Delia Fiallo, master of the telenovela, dies at 96
By Penelope Green
Delia Fiallo, the Cuban-born television writer known throughout Latin America as the “mother of the telenovela,” the addictively melodramatic Spanish-language cousin to the American soap opera, died June 29 at her home in Coral Gables, Florida. She was 96.
Her daughter Delia Betancourt confirmed the death but did not specify a cause.
Every fan of the genre knew what to expect: Gypsy maidens. Wicked stepmothers. Wealthy, handsome male heirs. Amnesia, fictional illnesses, mistaken identities, misplaced babies. And at the center of it all, a young and beautiful woman who was often an orphan, but always from a humble background, and with whom the well-born young man would fall madly in love — although the couple would be thwarted through all sorts of swirling Shakespearean complications (murder, faked pregnancies, love triangles, those conniving stepmothers) before coming together in a happy ending, 200 or so episodes later.
(American soap operas go on forever, with an unending cast of characters. The telenovela works itself out in under a year, with a finite cast of characters. Mostly, they end happily.)
“The essential theme of a novela is the story of a love that is obstructed,” Fiallo told Variety in 1996. “A couple meet, fall in love, suffer obstacles in being able to fulfill that love and at the end reach happiness.” She added: “If you don’t make the public cry, you won’t achieve anything.”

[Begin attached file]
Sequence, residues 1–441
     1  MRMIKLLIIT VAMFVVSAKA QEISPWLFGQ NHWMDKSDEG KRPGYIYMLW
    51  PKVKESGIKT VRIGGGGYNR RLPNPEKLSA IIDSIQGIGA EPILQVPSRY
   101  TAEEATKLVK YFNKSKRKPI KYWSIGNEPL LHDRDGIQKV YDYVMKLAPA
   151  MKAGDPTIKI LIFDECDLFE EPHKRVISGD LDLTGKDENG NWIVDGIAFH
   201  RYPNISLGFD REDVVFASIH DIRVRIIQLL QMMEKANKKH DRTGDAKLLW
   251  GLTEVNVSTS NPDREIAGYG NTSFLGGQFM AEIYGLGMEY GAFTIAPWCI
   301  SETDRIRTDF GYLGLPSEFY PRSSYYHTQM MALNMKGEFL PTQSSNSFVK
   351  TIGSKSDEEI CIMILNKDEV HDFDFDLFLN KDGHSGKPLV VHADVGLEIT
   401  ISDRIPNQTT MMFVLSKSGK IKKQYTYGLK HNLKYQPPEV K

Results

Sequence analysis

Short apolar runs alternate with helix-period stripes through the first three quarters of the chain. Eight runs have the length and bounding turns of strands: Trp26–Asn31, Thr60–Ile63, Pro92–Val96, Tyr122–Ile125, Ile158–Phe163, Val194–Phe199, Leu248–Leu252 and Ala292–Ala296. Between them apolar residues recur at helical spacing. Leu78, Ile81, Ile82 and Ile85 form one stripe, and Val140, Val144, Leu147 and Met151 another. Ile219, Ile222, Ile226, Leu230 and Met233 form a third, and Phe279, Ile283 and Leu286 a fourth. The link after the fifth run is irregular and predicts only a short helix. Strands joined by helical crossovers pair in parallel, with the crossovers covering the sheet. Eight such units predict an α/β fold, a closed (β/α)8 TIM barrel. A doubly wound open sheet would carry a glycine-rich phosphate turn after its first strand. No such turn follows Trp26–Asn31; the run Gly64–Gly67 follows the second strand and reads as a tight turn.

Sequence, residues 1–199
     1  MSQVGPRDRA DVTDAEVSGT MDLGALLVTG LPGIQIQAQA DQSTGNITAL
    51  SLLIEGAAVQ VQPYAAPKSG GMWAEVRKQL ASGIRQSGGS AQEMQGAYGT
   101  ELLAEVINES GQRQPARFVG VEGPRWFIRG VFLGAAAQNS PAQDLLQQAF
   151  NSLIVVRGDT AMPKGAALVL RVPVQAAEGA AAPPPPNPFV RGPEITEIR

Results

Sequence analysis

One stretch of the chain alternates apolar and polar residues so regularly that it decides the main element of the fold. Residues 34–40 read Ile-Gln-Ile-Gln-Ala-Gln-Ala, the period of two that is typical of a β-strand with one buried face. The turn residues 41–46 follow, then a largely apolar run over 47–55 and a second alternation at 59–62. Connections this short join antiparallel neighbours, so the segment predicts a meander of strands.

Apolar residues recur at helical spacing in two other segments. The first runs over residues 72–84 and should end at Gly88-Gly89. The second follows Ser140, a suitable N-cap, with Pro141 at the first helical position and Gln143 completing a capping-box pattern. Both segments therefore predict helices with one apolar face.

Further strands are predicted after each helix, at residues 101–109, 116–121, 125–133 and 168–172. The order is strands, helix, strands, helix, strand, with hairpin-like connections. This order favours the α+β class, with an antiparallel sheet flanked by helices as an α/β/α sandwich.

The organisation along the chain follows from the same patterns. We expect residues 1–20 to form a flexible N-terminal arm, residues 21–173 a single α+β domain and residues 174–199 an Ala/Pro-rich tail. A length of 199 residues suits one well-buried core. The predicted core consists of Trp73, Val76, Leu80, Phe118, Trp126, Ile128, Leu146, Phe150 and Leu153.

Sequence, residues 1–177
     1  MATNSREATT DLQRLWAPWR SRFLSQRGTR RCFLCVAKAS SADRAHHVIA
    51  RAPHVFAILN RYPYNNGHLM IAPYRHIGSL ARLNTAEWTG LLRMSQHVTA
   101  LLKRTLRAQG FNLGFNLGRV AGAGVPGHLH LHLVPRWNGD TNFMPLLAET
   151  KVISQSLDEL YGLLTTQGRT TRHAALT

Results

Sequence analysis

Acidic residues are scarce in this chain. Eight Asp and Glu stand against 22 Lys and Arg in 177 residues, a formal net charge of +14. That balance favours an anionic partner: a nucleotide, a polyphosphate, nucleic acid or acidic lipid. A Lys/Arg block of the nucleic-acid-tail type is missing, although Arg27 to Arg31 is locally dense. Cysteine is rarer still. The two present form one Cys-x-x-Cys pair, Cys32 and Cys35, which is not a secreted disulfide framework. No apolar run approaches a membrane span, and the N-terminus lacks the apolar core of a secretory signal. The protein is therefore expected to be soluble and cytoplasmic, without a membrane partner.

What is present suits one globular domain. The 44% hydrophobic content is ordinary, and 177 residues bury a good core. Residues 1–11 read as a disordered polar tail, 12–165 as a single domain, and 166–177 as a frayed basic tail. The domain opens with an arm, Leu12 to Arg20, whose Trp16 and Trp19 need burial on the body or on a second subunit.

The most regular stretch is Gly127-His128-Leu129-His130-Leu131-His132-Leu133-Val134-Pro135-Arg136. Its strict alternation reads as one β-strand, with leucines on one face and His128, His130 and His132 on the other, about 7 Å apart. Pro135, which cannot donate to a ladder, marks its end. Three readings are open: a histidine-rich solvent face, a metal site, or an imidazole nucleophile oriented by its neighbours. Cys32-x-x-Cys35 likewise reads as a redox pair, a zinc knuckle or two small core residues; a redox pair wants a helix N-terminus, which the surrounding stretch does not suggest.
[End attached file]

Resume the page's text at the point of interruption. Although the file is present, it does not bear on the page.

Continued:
Fiallo was a master of that operatic, weepy form. Throughout the 1970s and ’80s, she wrote more than 40 telenovelas, most of which were produced in Venezuela and then adapted (often by Fiallo herself) and televised all over the world (and continued to be shown long after her last original drama, a blockbuster called “Cristal,” first aired in 1985).
While Fiallo’s Cinderella stories were global successes, it was in the Americas where they resonated the most.
In the United States, three generations of Latin American families often wept together in a nightly ritual that’s hard to imagine today.
“You watched what your family watched, every day for weeks and months,” said Ana Sofía Peláez, a Cuban American writer and activist, whose fluency in Spanish came in large part from sobbing with her Cuban-born grandfather through years of Fiallo dramas such as “Cristal,” “Esmerelda” and “Topacio.”
She recalled both of them losing it when Luis (the wealthy stepson of the head of a modeling agency that is the plot pivot of “Cristal”) sang “Ma Vida Eres Tu” (“You Are My Life”) to his beloved Cristal (the orphaned model whose ruthless boss turns out to be her biological mother).
“My grandfather and I were raised in different countries,” Pelaez said. “We had different frames of reference. But we found the same things romantic, and we were transported by those stories together.
“We were all in. It was a shared experience that I didn’t appreciate at the time but I value so much today. It was a pan-Latin experience. Her shows were Venezuelan. But my parents would say proudly, ‘Of course, pero es Cubana’: She is a Cuban writer.”
Delia Fiallo was born July 4, 1924, in Pinar del Rio, Cuba, the only child of Felix Fiallo de la Cruz, a doctor, and Maria Ruiz. The family moved often, from small country town to small country town, and Delia, shy and bookish, began writing stories to combat her loneliness.